Sunday, June 15, 2014


We keep looking "under the hood" of that fading entity known as the complete game, which may be tantamount to looking a gift horse in the mouth...and we don't even have the excuse of being descended from a long line of dentists. As with so much of what happens these days, however, these things just can't be helped...

Would you be surprised to discover that the aggregate winning percentage in complete games since 1964 is below .800? The exact total: 21253 wins, 5604 losses, .791 WPCT. Probably not too surprising, given the former plentiful nature of CGs, though you may have expected complete games to produce more wins than that.

Turns out, though, that--back in the day--they did. Prior to 1973, pitchers who threw CGs had a significantly higher WPCT. The exact total from 1964-72: 6764 wins, 1092 losses, .861 WPCT.

From that point, however--as the chart at right depicts--CG WPCT took a hit. From '73 on, the aggregate CG WPCT dropped about a hundred points. The exact total from 1973 to now: 14489 wins, 4512 losses, .763 WPCT.

The historically astute among you out there (and who's to say you're not? You're certainly "out there" if you're reading this...) may have locked onto the specifics vis-a-vis the divergence in this data.

And you may well remember that 1973 was a watershed year in MLB history (and not just because it was the final season for Ron Swoboda, who was sent packing to the broadcast booth at the tender age of 29--and, according to many of you, not a moment too soon).

No, 1973 was the year in which the designated hitter (aka the "dreaded DH") was introduced to the game, creating some significant differences between the AL (who adopted the rule) and the NL (which didn't).

And as it turns out, one of these significant differences which evolved (or devolved, depending upon your perspective...) has to do with CG WPCT.

As the chart at left shows, the aggregate drop in CG WPCT that happens in 1973 would appear to be directly related to the implementation of the DH rule. AL CG WPCT drops below .700 in '73, while CG WPCT in the NL remains at the pre-DH level (somewhere above .850).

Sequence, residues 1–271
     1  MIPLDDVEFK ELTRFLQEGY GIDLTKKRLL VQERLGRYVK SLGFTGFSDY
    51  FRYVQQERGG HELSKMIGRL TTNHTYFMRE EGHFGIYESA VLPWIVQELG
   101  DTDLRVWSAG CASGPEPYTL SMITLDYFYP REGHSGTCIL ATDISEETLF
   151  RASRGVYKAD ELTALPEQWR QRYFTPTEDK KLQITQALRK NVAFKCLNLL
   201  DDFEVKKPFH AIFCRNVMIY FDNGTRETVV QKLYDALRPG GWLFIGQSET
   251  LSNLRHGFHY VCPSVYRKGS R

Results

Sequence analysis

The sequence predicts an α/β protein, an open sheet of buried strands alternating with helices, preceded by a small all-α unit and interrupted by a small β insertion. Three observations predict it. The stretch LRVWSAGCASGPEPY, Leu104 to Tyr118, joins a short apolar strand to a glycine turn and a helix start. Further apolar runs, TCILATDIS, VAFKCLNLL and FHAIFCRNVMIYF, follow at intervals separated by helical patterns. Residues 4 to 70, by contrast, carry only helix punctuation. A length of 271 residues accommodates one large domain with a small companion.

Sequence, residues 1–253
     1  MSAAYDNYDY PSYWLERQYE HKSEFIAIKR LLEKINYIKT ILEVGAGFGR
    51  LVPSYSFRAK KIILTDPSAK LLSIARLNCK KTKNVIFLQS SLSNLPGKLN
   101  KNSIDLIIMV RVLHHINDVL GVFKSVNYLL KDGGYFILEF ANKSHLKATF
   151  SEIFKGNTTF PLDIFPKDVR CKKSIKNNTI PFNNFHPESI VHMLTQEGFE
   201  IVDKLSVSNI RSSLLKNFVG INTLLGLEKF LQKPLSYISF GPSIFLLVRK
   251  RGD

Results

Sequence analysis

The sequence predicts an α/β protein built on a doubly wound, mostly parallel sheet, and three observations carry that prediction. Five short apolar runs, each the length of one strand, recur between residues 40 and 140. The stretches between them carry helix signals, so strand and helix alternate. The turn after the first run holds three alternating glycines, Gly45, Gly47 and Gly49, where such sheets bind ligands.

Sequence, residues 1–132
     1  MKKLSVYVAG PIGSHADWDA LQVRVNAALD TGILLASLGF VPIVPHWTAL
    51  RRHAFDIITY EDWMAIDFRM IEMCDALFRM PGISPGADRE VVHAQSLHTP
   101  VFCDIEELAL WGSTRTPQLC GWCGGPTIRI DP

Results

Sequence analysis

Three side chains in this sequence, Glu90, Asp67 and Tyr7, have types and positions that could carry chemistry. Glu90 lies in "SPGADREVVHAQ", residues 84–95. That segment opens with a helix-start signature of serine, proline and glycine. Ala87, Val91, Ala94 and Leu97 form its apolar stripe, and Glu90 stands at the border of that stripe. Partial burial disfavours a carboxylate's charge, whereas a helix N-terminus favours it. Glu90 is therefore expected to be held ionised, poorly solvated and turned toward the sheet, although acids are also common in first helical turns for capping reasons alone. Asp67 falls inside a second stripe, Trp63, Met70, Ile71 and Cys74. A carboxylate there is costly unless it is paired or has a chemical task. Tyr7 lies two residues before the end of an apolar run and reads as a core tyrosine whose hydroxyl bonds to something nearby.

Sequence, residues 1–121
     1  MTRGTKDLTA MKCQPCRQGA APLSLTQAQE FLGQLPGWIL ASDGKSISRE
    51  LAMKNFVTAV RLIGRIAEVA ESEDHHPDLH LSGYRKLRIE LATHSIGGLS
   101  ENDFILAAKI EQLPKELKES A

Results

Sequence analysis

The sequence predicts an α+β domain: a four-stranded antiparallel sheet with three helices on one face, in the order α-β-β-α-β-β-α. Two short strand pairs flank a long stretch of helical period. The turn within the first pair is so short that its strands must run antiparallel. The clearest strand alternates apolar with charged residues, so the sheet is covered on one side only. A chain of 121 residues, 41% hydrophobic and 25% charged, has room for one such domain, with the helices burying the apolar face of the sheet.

What's most interesting about this shift/schism is how it has persisted over time, even as the number of CGs went into freefall. Somewhere in the 90s, however, the pattern began to change...perhaps a new generation of AL managers began to veer away from what had previously been a knee-jerk reaction to let starting pitchers who were performing well in games where they were losing stay in the game all the way to the end.

However, as you can see in the chart, that change has remained mostly intermittent over the past twenty years, and while the gap has closed a bit between AL and NL, that's as much due to decline in the NL CG WPCT in recent years (a drop from .872 in 1973-93 to .844 from 1994 to the present) as an uptick in the AL (a .685 CG WPCT from 1973-93; .708 from 1994 till now).

Of course, one thing that has never happened from '73 on is the AL having a higher WPCT than the NL for starters who throw CGs. Until 2014, of course. So far, at least, AL pitchers are 19-2 in their CGs (.905 WPCT), while NL pitchers are 20-5 (.800).

Of course, it's a subset of what has become an increasingly small sample size, and it takes something like that to create the possibility of such a single anomaly out of 40+ years of data. As we always do, we'll keep an eye on this one as 2014 unfolds...stay tuned.